All the talk last year about how mortgage rates were going up because the Federal Reserve was going to stop buying Treasury bonds and mortgages was just that, talk. Since the Fed actually started to “taper” their bond purchases, mortgage rates have declined along with the rate on the ten-year Treasury.
There are two possible reasons for this decline in 2014:
- Bond investors are anticipating very slow economic growth in the United States.
- Bond investors are fleeing from troubled places like Russia, India, China, Brazil, Argentina and Venezuela.
After reviewing lots of charts of the various sectors of the U.S. economy, my conclusion is that the second reason is the most likely.
For years, Wall Street tried to convince us that “BRIC countries” were the only place to invest. Investor money flowed into Brazil, Russia, India and China. They were the darlings of Wall Street. Well, the bloom is off the rose for these countries for a variety of reasons.
The continuous failure of socialism is currently on display in Argentina and Venezuela.
Another theme promoted by Wall Street in the past six months is that Europe is “on the mend.” The thesis was that these countries would buy stuff from us and increase employment in America. I’m not sure where the thread of evidence was to support this notion, but I have heard it a lot this year.
All the while, “analysts” on business news shows were promoting this notion. Mario Draghi was talking a different story. He’s the head of the European Central Bank. He has been talking for months about how inflation is dangerously low in Europe and that if he had to he would deploy some heavy weapons.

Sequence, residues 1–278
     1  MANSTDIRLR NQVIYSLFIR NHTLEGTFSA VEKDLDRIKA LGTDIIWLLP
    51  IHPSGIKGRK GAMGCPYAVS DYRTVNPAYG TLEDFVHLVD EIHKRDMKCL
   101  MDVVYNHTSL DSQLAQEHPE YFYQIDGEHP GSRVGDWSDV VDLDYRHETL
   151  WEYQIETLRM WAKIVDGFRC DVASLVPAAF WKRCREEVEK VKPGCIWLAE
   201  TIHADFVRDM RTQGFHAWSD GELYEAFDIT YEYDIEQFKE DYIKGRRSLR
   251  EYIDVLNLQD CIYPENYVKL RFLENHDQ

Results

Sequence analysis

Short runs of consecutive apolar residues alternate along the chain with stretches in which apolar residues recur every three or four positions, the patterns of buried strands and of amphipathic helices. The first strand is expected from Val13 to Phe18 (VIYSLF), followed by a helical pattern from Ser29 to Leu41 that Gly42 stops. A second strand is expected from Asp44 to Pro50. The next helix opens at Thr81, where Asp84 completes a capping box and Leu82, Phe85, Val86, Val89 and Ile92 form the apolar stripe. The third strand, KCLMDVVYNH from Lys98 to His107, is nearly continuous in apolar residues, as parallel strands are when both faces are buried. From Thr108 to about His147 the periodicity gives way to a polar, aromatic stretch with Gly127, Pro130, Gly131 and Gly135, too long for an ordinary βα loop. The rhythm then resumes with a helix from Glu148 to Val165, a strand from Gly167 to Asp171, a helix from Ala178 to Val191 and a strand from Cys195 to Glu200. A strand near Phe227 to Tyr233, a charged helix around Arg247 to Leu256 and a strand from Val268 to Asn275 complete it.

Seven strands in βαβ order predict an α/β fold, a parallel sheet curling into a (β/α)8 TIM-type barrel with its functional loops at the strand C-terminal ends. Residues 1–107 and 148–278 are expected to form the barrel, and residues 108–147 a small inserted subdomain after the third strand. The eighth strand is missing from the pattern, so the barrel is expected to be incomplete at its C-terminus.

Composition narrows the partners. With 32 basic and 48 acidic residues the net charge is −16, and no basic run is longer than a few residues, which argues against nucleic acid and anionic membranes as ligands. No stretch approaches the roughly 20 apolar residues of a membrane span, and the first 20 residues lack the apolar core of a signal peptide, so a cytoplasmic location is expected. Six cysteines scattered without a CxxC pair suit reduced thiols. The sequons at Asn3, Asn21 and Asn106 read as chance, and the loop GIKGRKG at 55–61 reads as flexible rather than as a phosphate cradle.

Yesterday, he unloaded the financial equivalent of the “Little Boy” atomic bomb on the global marketplace. This bomb is a new policy of paying negative interest rates on excess bank reserves parked at the European Central Bank. In effect, this will punish banks for not having money deployed in loans or other investments.
In the United States, the Fed pays interest on excess reserves. There is a small, but positive, return for parking the money at the Fed.
Don’t let anybody kid you, the United States is still the beacon of economic growth in the current global environment. A lot of this growth has been artificially created by Fed monetary policy, and it remains to be seen how well our economy will perform when the Fed stimulus is removed over the next 18 months.
But for the time being in the global economy, America is still the prettiest pig at the trough. Money continues to flow into the American bond and commercial real estate markets. Prices are getting higher for both asset classes. Oh, I forgot to mention that stocks are at record highs as well.
Money will continue to pour into the United States until there is another alternative. The U.S. dollar is likely to continue strong, as China and Japan and now Europe are trying to devalue their currency to compete with America in the global marketplace.
Keep up with the latest Texas real estate news. The Center has several RSS feeds designed to help you make better real estate decisions.